A common area at The Enclave, a singular new dorm for graduate students at UC Berkeley. (John Sutton Photography/Courtesy LCA Architects)

And special the finished result is.

While Peterson’s original vision that incorporated a mishmash of exotic architectural influences and concepts has been altered since the project first took fruition, the singular spirit of the original design is still apparent in the building that stands at Telegraph and Haste today. In his largely positive assessment for the Chronicle, urban design critic John King noted the building’s “nutty gravitas” and applauded its designers for taking a sharp detour from the forgettable and the formulaic to create a structure that appears “as if Harry Potter and Fred Flintstone decided to build a McMansion. On acid.”

A courtyard common area at the Enclave. (John Sutton Photography/Courtesy LCA Architects)

While there’s nothing else quite like it in Berkeley (or likely in the annals of dormitory architecture), echoes of village-perched-atop-a-mountain concept of the Enclave has been seen elsewhere this year. MAD Architects’ Gardenhouse, which was revealed in August in Beverly Hills, similarly evokes a cloistered hilltop hamlet although that project emerges from a base clad in lush vegetation, not a rock-like concrete facade on par with something you might find at a Disney theme park. (As noted by the Chronicle, COST, a fabricator that has worked for Disney and Universal Studios, had a hand in creating the faux cliff that comprises the building’s lower level.)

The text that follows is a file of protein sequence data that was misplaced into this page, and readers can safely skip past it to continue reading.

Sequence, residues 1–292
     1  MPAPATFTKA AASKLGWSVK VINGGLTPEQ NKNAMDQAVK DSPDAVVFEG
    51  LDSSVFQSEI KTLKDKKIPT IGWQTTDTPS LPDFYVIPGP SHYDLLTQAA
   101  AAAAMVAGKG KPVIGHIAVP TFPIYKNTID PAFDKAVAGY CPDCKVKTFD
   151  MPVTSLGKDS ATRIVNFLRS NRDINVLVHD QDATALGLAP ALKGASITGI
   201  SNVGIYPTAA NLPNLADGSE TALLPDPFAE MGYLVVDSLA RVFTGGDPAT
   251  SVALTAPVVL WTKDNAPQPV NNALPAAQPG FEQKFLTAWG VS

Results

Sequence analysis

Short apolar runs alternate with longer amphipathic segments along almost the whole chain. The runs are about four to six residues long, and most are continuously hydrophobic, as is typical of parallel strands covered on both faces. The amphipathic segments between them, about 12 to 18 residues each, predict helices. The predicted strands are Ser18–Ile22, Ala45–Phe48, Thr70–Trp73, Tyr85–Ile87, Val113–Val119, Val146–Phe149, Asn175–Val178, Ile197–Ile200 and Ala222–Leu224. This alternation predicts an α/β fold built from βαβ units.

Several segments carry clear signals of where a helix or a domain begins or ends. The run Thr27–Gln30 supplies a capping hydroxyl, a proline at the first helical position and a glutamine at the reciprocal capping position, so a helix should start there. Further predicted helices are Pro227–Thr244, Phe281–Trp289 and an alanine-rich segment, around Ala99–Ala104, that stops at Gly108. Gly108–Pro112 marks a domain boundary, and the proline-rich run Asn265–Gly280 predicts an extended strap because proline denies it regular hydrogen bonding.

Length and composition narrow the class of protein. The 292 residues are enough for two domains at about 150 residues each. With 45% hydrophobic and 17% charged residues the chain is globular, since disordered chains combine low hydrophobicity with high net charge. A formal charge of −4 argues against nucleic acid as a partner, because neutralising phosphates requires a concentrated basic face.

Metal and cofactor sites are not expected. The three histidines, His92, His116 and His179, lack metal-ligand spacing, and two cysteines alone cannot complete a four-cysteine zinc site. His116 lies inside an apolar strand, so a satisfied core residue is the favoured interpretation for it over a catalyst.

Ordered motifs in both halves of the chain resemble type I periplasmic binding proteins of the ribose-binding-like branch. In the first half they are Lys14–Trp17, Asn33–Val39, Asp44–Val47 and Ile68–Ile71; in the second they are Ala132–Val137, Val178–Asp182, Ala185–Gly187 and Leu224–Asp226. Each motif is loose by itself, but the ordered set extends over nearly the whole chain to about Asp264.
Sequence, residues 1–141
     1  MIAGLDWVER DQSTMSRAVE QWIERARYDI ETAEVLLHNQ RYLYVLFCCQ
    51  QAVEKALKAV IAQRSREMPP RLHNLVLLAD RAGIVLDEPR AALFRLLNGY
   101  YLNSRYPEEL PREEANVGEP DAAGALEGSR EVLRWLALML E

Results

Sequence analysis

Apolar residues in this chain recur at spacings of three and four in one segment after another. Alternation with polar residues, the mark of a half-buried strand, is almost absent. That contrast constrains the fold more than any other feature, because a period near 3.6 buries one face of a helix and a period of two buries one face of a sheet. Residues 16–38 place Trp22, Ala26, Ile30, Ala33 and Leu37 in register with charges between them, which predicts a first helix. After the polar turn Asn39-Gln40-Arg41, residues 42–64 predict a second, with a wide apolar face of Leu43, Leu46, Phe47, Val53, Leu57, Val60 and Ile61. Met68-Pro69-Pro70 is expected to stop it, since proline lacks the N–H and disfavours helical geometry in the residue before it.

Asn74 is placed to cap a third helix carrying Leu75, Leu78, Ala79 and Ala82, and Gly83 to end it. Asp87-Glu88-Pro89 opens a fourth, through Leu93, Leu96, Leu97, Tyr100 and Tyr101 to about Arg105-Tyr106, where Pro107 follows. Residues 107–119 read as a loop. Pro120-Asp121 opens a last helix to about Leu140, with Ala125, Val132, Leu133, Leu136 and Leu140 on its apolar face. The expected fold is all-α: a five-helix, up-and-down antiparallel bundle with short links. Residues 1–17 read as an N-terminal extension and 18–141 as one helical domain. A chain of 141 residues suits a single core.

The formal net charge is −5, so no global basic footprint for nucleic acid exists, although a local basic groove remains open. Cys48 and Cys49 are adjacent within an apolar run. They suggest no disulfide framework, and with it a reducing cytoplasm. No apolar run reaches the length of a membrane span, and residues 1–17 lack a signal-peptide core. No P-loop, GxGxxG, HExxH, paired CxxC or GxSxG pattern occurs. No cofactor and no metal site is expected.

(John Sutton Photography/Courtesy LCA Architects)

Love it or hate it, there’s no ignoring the new UC Berkeley dorm at Telegraph and Haste. Speaking to the Chronicle, Berkeley City Council member Rigel Robinson counts himself as being among the divisive building’s fan. “I love that it’s so spunky,” he said. “This is a treasure.”

Among those who have reacted not-so-glowingly to the Enclave is Peterson himself, who was originally commissioned to design the building nearly a decade ago. “I wanted to make art. I wanted to do a correct, authentic, historicist building,” he told Berkeleyside when the scaffolding first came off in February of this year. Per Berkeleyside, Petersen reportedly studied “cave dwellings in the South of France, the architecture of Yemen, the Alhambra, Baroque churches in provincial Italy, and the work of Julia Morgan” in conceiving his initial design, with all of these disparate influences coming together to resemble a design that evoked a small Italian village perched atop a rocky outcrop.

Detail view of the building’s attention-grabbing rock-like facade. (John Sutton Photography/Courtesy LCA Architects)

In addition to living accommodations for 254 students who will likely have very little trouble describing which off-campus dorm that they live in, the Enclave includes a courtyard area, on-site laundry, study lounges, fitness center, roof deck, and public art elements including mosaics by Kori Girard and large-scale suspended sculptural light fixtures by Rebecca Anders.